Working with the geometry of polygons, some ancient Greek mathematicians convinced themselves that a circle could be squared. In the late 5th century BCE, Antiphon argued that inscribing regular polygons within a circle and repeatedly doubling the number of sides eventually fills up the area of the circle. This mathematical technique is known as the method of exhaustion.

Any polygon can be squared: a polygon reshaped so that its area matches that of a square. Exhaustion suggests a circle can be squared.

Even the renowned English physicist Isaac Newton believed so. Newton discovered calculus, part of which is geometric integration (integral calculus).

The impossibility of squaring the circle was proven in 1882 with the observation that pi (π) is a transcendental number. π is the ratio of a circle’s circumference to its diameter. Since π is not the root of any polynomial with rational coefficients, no dimension can be given to a square that would have an identical area of a circle.
Every measure is mathematical. And what is mathematics but a system of symbols?! Looking behind the numbers related to physicality resolutely resolves to ideas. The same may be said of whatever comes to mind.

In explaining his now-proven equation of matter-energy equivalence (E=mc2), physicist Albert Einstein declared “Everything is energy and that’s all there is to it.” Physicists readily admit that energy itself is nothing but an idea. Carlos Calle plainly stated that “Energy is an abstract concept.”

There is no escaping that energy is entirely conceptual, and thereby, matter is a perceptual ruse of the first order. The primal paradox of existence is that the physical is metaphysical.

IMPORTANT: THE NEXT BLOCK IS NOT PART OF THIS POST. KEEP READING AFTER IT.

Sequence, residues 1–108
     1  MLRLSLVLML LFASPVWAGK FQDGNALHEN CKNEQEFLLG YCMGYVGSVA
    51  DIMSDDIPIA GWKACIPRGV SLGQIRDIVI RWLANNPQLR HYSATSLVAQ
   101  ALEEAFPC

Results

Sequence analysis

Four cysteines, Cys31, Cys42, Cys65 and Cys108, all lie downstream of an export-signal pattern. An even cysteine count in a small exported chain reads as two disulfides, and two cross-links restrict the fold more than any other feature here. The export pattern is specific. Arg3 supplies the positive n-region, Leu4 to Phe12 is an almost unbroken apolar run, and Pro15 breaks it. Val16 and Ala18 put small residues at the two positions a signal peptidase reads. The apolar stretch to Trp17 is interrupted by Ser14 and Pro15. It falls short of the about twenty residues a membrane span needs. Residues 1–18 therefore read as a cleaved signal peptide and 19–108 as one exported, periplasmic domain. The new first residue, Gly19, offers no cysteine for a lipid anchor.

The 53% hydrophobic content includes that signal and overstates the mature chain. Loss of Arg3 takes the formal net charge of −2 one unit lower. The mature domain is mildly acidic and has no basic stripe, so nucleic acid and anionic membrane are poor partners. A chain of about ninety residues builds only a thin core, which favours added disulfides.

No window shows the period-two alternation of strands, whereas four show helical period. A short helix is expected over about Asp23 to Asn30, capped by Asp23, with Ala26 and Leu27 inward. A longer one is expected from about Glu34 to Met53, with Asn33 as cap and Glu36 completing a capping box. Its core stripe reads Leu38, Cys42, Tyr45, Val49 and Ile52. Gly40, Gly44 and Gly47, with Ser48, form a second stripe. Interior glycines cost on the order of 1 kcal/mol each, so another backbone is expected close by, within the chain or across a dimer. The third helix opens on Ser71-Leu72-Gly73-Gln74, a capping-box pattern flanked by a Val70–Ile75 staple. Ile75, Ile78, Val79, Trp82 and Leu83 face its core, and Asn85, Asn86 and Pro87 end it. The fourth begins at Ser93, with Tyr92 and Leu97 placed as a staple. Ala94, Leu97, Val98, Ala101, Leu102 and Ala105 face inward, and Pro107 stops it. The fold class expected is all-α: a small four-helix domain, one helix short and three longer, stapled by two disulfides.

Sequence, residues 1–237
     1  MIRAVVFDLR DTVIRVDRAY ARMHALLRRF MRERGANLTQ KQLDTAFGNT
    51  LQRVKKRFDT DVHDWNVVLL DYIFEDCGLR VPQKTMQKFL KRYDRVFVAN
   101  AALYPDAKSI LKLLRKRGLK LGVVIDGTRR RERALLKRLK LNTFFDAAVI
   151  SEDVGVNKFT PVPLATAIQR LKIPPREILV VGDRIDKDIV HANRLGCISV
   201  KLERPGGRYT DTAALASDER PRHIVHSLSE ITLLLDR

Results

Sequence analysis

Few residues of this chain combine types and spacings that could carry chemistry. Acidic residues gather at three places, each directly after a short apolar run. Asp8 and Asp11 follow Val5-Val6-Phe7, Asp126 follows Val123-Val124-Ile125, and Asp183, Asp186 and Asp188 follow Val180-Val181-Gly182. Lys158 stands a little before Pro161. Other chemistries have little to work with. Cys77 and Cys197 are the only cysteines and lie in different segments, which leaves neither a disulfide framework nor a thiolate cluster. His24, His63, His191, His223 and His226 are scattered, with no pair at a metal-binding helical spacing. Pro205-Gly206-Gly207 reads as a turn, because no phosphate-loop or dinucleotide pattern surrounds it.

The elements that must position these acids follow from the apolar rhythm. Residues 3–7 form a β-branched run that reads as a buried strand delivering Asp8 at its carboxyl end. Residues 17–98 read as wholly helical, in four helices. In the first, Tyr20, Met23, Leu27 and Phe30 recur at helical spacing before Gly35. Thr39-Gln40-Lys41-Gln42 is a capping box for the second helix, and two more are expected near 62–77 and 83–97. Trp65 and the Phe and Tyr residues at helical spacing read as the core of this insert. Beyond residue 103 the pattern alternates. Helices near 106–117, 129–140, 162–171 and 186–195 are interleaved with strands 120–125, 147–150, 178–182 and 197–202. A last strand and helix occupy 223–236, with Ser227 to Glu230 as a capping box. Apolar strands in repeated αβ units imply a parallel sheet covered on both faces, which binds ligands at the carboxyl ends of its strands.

The absolute becomes relative.

This inyō indicates that an absolute reality creates the relativity that characterizes existence. Whereas reality is absolute, the perception of Nature is of relatives, by way of contrasting conceptual absolutes. Ideas themselves are purities which get tainted by association with their opposites.

Modern physics emerged by creating an inyō of classical physics. Isaac Newton, classical master, famously declared space and time “absolute,” albeit conceding that they are perceived as relative.

Einstein diminished space and time into perceptual relatives. Einstein’s relativity theories have been experimentally verified at the cosmic scale. What relativity means is that perception is integral to Nature itself.

Though germane, physics is an aside from the intent of this passage, which intends that the transaction by which existence is fabricated moment by moment is by an “absolute” becoming “relative.” Whereas reality is absolute, existence – which is gleaned by perceiving Nature – is relative.

Solid is fluid.

The mind portrays a world of particulates. This ruse is belied by the ongoing construction of existence, which transpires via moment-by-moment assembly from the quantum level up in a symphonic coherence. Continuous process belies the appearance of solidity.